Recent Posts

Russian Socialists in the Struggle for Democracy

For the past few weeks, protests for fair elections in upcoming municipal polls have become weekly in Moscow and St. Petersburg as thousands have defied authorities to attend unsanctioned rallies. The police crackdown has been particularly harsh in Moscow. Protests on July 27 and August 3 resulted in over 2000 detentions. Images of police in riot gear wrestling citizens to the ground and beating peaceful protesters were reminiscent of the mass protests against election fraud in 2011-2012.

Members of the Russian Socialist Movement, a small Marxist, anti-Stalinist organization active in the Russian left, have been participants in local electoral campaigns and in the protests. Two RSM activists, Valeria Kovelishina and Ilya Budraitskis talk about the Russian Socialist Movement, their electoral work, the protests for democracy in Russia and what they might mean for the future.

Witnessing the Collapse of Communism

Roundtable discussion marking the 30th anniversary of the collapse of communism in Eastern Europe. Participants include Timothy Garton Ash, Bridget Kendall, and Jens Reich.

The Evictors

Around Moscow, there’s a whole industry of so-called “black creditors” — microfinance institutions (or MFOs) that swindle and seize debtors’ homes. Ivan Golunov’s investigation for Meduza has discovered that almost 500 apartments have been seized from their owners over the past five years without so much as a court order. In fact, this scheme involves more than simply “squeezing” people from their homes. It is possibly part of a wider, international money-laundering system. Here’s Meduza special correspondent Ivan Golunov on the ins and outs of this industry.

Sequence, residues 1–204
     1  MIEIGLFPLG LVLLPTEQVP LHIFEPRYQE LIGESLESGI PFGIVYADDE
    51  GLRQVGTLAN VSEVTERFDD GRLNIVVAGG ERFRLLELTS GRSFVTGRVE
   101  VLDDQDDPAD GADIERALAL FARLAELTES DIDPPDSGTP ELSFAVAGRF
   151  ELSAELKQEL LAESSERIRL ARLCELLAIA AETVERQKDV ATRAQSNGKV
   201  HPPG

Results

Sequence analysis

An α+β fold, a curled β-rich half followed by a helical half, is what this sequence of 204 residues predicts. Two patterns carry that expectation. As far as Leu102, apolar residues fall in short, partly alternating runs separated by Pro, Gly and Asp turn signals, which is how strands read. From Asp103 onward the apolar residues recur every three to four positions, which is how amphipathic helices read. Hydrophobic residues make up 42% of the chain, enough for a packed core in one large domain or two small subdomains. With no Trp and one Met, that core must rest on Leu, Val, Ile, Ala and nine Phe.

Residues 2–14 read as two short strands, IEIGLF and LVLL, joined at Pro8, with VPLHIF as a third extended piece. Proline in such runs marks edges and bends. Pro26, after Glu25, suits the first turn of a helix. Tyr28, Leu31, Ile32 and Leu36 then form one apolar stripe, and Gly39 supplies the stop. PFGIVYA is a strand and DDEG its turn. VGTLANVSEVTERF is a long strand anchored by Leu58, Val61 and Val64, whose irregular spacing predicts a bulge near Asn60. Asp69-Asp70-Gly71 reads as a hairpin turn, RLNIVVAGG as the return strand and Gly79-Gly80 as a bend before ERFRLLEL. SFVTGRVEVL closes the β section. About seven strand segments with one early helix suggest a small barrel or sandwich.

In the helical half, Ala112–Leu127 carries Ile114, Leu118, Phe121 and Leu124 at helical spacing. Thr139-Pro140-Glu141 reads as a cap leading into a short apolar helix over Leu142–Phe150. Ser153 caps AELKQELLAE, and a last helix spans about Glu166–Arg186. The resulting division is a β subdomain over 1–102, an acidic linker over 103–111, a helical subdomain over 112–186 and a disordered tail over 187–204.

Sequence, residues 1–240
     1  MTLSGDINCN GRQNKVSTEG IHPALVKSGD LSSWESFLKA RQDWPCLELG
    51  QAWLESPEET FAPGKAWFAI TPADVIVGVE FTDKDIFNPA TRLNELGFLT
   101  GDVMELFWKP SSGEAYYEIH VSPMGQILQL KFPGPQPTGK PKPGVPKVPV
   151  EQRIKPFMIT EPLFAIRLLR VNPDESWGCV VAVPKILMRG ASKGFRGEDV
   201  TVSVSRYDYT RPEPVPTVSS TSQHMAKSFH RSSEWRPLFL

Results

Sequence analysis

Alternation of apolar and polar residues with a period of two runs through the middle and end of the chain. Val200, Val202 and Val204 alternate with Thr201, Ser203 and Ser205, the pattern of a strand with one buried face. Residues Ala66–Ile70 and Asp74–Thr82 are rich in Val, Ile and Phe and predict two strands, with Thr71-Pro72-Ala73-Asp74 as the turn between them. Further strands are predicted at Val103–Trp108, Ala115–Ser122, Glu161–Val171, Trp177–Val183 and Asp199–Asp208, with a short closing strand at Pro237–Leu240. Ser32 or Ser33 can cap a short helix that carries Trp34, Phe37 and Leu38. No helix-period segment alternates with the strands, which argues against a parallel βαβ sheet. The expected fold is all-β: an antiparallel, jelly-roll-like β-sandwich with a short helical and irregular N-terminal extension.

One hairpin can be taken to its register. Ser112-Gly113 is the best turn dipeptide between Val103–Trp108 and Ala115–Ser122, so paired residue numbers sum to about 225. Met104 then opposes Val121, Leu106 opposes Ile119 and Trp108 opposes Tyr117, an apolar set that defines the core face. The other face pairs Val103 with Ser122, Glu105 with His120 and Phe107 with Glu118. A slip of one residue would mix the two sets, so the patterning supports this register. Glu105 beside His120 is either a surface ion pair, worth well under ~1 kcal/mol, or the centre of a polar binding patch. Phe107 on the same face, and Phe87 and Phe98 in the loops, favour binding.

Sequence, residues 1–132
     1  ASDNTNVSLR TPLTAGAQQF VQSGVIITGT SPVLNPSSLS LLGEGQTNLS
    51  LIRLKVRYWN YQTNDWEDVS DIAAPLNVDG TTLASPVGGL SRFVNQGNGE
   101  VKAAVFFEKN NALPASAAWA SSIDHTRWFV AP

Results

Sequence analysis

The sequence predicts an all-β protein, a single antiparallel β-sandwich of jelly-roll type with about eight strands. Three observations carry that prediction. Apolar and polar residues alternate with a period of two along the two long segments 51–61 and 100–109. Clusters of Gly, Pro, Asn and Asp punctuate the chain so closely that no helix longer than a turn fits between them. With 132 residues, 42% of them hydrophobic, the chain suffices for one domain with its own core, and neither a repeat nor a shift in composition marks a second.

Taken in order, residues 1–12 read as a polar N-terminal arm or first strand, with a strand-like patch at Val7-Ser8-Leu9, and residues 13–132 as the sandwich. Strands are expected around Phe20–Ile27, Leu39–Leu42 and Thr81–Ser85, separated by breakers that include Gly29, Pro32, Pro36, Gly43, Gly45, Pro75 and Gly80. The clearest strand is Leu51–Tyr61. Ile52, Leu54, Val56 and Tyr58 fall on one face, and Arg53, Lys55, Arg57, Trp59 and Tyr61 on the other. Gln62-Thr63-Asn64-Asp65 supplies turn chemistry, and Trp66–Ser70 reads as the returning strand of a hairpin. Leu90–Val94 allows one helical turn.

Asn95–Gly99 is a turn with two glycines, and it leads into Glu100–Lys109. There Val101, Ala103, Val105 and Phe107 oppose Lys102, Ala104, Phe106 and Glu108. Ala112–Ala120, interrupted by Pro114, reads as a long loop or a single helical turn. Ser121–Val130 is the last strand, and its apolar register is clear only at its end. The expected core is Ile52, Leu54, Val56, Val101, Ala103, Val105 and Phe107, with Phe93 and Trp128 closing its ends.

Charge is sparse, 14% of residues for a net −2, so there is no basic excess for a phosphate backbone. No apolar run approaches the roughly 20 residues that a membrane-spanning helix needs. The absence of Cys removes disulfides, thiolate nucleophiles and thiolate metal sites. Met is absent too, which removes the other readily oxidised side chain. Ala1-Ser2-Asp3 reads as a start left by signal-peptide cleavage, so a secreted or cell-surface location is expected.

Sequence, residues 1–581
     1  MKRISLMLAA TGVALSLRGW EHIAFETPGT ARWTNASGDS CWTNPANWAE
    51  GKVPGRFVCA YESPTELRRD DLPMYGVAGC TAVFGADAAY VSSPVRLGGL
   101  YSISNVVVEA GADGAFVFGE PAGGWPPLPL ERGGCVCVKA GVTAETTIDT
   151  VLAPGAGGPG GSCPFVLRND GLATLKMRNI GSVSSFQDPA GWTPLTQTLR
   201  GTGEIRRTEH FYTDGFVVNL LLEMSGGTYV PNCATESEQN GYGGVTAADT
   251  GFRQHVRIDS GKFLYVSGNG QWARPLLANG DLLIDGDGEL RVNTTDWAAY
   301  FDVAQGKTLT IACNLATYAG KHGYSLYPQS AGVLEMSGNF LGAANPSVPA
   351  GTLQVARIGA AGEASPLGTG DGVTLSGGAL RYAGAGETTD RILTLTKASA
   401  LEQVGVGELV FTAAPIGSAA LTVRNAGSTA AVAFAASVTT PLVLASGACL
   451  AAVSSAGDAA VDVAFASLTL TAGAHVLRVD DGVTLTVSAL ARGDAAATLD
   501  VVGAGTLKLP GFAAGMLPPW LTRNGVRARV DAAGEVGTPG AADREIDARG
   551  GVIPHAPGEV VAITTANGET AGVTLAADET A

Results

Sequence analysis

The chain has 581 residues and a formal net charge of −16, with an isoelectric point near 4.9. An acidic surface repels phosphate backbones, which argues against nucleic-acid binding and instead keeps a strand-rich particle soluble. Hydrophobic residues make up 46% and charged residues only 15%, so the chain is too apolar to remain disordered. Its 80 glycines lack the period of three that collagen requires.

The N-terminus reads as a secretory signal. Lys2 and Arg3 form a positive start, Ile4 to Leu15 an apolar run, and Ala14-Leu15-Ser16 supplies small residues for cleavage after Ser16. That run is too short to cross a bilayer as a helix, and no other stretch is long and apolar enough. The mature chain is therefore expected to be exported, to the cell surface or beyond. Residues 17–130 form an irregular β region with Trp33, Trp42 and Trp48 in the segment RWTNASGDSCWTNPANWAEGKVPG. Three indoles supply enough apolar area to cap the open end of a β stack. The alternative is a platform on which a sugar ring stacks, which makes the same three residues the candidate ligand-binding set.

Russian “Ultra-Nationalism” on the Rise

Share on facebook
Share on google
Share on twitter
Share on linkedin
Share on email
Share on reddit

Russian nationalism is gaining in political influence argues the Financial Times.  Russia’s so-called “ultra-nationalists” (and I do wonder what the difference is between nationalism and its “ultra-” variety) have been steadily climbing in political influence, particularly among Russia’s elite.  Their big political bump has come with Russia success in Georgia which proved to them that Russia was indeed back.  The FT reports,

Against the backdrop of conflict in Georgia and deteriorating relations with the west, Russia’s ultra-nationalist thinkers are starting to exert unprecedented influence. The wide acceptance of a group of ideas once dismissed as laughable signals a new era in Russia’s foreign relations, as Moscow seeks to protect what President Dmitry Medvedev calls a “region of privileged interest” in parts of the former Soviet Union.

One of Russia’s chief theorists of Euraisanism, Aleksandr Dugin agrees with this political shift.  He told the FT,

“The people that formed the centre under [former president, now prime minister Vladimir] Putin will now become marginal. And another pole will appear that did not exist under Putin at all. That is the army, the military and patriotic movements. That is us. Under Putin we were the extremists: respectable, yes, but radicals. Now we are moving right into the centre.”

I’m not too familiar with Eurasianism or Dugin, but the a recent LA Times interview gives a sample of his take on current events.